...and more -- see the avian & livestock test menu for a complete listing of avian and livestock assays.

Coccidia PCR test
avian & livestock assay data sheet

Coccidia species

Test code:
X0024 - Ultrasensitive qualitative detection of many coccidia species by real time PCR. This assay detects but does not differentiate many coccidia species including Cryptosporidium, Eimeria, Hammondia, Hepatozoon, Isospora, Neospora, Sarcocystis, and Toxoplasma.

Coccidiosis refers to diseases caused by coccidian infections. Coccidia is a diverse subclass of parasitic protozoa that includes many genera, such as Cryptosporidium, Eimeria, Hammondia, Hepatozoon, Isospora, Neospora, Sarcocystis, and Toxoplasma. These parasites usually infect the intestinal tracts of animals, causing diarrhea. In some cases, coccidia can migrate to the central nervous system and cause neurologic symptoms or death.

Coccidia usually spread from one animal to another through contact with infected feces or ingestion of infected tissues. Most infections result in asymptomatic carriers of the parasites, especially in adults. However, these carriers can continuously shed the parasites in their feces, thereby infecting other animals. Young or immunocompromised animals may suffer severe symptoms, including death.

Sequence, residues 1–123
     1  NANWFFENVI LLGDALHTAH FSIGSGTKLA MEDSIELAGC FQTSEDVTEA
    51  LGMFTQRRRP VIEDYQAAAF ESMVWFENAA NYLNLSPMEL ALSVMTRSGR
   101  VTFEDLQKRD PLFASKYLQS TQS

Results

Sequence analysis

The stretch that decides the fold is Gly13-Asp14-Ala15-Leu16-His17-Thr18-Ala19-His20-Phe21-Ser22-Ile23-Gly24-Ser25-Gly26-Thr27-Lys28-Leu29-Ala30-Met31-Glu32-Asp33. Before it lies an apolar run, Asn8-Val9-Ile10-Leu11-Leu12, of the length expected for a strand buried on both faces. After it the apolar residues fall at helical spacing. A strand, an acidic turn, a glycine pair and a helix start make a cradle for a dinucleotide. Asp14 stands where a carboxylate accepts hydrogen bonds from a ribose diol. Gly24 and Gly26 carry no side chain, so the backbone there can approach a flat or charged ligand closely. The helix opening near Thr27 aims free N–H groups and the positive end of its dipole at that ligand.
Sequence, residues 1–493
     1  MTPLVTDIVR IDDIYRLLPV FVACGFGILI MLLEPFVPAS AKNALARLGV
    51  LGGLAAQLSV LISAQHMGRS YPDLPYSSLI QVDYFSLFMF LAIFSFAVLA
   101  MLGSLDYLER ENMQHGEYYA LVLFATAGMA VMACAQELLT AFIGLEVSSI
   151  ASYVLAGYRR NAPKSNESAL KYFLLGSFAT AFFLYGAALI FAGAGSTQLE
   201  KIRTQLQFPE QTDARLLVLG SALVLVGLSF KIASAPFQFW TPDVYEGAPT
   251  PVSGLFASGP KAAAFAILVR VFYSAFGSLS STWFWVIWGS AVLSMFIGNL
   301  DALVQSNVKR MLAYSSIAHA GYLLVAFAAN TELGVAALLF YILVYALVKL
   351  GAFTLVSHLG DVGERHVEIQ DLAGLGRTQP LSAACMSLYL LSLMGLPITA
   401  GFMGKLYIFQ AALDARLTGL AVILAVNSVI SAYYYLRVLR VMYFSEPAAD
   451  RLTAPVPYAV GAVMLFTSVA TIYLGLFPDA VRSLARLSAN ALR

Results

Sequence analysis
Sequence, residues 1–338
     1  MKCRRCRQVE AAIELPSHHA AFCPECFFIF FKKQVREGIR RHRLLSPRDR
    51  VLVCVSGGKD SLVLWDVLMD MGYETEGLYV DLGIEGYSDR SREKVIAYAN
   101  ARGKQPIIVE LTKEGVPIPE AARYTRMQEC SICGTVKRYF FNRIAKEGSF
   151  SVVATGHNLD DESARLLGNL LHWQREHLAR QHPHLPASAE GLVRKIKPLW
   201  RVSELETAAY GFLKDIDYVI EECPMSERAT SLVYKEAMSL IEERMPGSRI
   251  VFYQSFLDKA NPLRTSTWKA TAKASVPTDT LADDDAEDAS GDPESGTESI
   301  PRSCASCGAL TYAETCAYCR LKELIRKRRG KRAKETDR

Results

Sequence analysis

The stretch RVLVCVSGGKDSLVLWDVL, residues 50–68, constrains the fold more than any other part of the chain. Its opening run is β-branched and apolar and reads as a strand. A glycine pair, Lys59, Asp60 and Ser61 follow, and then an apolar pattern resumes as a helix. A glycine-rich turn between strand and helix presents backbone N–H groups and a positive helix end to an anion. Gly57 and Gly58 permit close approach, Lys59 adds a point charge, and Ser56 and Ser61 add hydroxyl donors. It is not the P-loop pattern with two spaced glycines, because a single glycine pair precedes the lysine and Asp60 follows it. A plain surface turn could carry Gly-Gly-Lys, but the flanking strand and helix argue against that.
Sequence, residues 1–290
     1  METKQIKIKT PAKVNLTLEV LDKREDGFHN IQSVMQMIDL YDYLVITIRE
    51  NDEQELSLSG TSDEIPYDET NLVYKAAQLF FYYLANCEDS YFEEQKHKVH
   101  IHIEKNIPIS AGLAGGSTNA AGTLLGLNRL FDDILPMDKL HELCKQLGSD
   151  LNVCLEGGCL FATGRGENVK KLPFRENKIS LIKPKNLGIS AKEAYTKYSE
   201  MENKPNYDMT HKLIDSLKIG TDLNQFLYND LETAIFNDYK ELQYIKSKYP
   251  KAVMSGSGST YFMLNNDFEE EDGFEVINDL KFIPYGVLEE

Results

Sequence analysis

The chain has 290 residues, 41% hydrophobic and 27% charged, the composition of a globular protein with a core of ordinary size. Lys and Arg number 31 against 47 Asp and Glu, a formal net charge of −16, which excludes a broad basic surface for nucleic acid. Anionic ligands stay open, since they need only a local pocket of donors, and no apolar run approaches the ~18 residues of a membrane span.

While coccidia can infect a wide variety of animals, including humans, birds and livestock, they are usually species-specific. One well-known exception is toxoplasmosis caused by Toxoplasma gondii: humans may become infected with this parasite while handling infected pets, especially cats, or their feces.

In the past, diagnosis of coccidian infections relied on fecal float, a technique which is relatively insensitive and not very precise. However, molecular detection by polymerase chain reaction is rapid, highly sensitive and highly specific (Lalonde and Gajadhar, 2011).

Utilities:

  • Help confirm the disease causing agent
  • Shorten the time required to confirm a clinical diagnosis of coccidia infection
  • Help ensure that animal groups are free of coccidia
  • Early prevention of spread of coccidia between animals
  • Minimize human exposure to coccidia

References:
Lalonde, L.F. and Gajadhar, A.A. (2011) Detection and differentiation of coccidian oocysts by real-time PCR and melting curve analysis. J. Parasitol. 97):725-730.

Specimen requirement: 0.2 ml feces, or rectal swab, or 0.2 ml soil, or 0.2 ml fresh, frozen or preserved tissue.

For specimen types other than those listed here, please call to confirm specimen acceptability and shipping instructions.

For all specimen types, if there will be a delay in shipping, or during very warm weather, refrigerate specimens until shipped and ship with a cold pack unless more stringent shipping requirements are specified. Frozen specimens should be shipped so as to remain frozen in transit. See shipping instructions for more information.

Turnaround time: 2 business days

Methodology: Qualitative real time PCR

Normal range: Nondetected